where R1 denotes C8-C22-alkyl or -alkenyl, R3 denotes hydrogen or CH2CO2M, R3 denotes CH2CH2OH or CH2CH2OCH2CH2CO2M, R4 denotes hydrogen, CH2CH2OH or CH2CH2COOM, Z denotes CO2M or CH2CO2M, n denotes 2 or 3, preferably 2, M denotes hydrogen or a cation such as alkali metal, alkaline earth metal, ammonium or alkanolammonium. Preferred amphoteric surfactants of this formula are monocarboxylates and dicarboxylates. Examples thereof are cocoamphocarboxypropionate, cocoamido carboxy propionic acid, cocoamphocarboxyglycinate (or else referred to as cocoamphodiacetate) and cocoamphoacetate.

Preferred amphoteric surfactants further include alkyl dimethyl betaines (®Genagen LAB/Clariant GmbH) and alkyl dipolyethoxy betaines having an alkyl radical of about 8 to about 22 carbon atoms, which may be linear or branched, preferably 8 to 18 carbon atoms and more preferably having about 12 to about 18 carbon atoms.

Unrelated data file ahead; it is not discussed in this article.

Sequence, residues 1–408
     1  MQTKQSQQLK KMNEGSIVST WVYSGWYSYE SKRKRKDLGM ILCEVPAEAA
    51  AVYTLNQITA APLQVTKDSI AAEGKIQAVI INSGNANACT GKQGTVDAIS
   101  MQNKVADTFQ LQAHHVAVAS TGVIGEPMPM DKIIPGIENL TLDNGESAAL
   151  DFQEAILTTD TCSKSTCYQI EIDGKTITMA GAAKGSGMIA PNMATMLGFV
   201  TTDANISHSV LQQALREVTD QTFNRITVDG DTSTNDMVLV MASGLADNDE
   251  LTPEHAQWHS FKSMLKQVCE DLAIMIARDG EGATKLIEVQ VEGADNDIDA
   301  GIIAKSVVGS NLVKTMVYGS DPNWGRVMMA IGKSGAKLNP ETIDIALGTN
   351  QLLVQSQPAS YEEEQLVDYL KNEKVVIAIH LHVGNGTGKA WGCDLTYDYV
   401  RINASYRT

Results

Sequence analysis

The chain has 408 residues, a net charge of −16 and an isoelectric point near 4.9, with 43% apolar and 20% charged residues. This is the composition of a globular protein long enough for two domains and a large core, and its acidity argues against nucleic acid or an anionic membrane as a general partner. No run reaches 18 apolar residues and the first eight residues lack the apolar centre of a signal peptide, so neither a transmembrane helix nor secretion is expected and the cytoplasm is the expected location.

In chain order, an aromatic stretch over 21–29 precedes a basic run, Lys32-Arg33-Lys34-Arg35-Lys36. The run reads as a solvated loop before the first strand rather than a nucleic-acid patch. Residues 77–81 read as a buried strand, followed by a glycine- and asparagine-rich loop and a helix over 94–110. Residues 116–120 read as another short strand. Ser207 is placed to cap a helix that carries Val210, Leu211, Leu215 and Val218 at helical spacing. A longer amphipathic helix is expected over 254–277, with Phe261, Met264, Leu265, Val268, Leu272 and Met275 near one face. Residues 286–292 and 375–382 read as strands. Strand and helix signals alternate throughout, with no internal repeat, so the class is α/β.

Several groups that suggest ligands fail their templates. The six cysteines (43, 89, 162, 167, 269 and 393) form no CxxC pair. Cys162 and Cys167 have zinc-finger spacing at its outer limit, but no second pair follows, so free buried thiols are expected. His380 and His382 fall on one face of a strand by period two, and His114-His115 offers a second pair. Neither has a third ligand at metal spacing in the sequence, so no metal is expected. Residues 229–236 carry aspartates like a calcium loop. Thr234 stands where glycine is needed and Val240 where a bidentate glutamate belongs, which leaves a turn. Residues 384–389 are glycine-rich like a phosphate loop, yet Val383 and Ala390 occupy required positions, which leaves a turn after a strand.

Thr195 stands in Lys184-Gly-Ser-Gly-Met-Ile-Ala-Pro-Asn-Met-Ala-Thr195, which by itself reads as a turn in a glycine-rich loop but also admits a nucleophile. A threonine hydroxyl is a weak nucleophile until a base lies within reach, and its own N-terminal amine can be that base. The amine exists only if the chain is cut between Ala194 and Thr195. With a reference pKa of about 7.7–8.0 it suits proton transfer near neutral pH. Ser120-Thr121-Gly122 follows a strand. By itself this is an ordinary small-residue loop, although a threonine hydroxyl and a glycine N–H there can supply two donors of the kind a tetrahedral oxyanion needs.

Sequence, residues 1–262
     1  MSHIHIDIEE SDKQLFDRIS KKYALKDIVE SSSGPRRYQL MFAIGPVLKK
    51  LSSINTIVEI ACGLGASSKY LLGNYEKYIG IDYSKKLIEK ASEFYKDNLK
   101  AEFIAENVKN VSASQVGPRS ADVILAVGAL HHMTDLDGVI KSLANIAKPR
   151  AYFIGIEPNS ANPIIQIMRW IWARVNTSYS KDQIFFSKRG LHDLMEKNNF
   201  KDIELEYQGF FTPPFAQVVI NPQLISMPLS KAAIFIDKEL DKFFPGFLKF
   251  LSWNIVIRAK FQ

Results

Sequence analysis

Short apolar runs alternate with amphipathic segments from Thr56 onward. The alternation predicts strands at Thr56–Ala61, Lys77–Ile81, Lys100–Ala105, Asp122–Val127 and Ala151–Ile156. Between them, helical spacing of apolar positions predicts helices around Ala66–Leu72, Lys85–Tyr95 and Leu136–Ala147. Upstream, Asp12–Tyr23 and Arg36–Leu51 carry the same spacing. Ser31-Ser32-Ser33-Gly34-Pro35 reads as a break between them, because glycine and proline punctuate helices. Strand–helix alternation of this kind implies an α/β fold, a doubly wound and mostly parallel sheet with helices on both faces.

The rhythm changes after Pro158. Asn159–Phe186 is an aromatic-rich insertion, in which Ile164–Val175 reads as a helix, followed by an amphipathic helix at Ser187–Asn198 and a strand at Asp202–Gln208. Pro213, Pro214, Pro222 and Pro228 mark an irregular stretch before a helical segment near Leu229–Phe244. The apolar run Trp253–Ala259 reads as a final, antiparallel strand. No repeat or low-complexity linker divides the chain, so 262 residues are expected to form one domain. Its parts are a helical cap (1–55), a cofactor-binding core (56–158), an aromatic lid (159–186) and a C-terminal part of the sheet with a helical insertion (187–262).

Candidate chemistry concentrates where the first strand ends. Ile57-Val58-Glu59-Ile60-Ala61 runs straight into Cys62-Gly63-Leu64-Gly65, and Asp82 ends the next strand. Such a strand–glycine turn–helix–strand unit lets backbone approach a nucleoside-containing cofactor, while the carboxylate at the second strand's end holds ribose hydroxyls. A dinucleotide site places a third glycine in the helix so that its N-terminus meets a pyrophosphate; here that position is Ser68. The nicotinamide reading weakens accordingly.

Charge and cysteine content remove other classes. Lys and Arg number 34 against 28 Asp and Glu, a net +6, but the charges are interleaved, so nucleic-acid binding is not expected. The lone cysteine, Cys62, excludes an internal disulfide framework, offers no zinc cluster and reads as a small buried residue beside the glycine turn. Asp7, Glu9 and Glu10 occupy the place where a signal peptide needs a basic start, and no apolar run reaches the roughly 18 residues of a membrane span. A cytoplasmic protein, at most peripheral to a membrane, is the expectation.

Useful cationic surfactants include substituted or unsubstituted straight-chain or branched quaternary ammonium salts of the type R1N(CH3)3+X, R1R2N(CH3)2+X, R1R2R3N(CH3)+X or R1R2R3R4N+X. The R1, R2, R3 and R4 radicals may preferably independently be unsubstituted alkyl having a chain length of between 8 and 24 carbon atoms and especially between 10 and 18 carbon atoms, hydroxyalkyl having about 1 to about 4 carbon atoms, phenyl, C2- to C18-alkenyl such as, for example, tallow alkyl or oleyl, C7- to C2-4-aralkyl, (C2H4O)xH, where x is from about 1 to about 3, or else alkyl radicals comprising one or more ester groups, or cyclic quaternary ammonium salts. X is a suitable anion.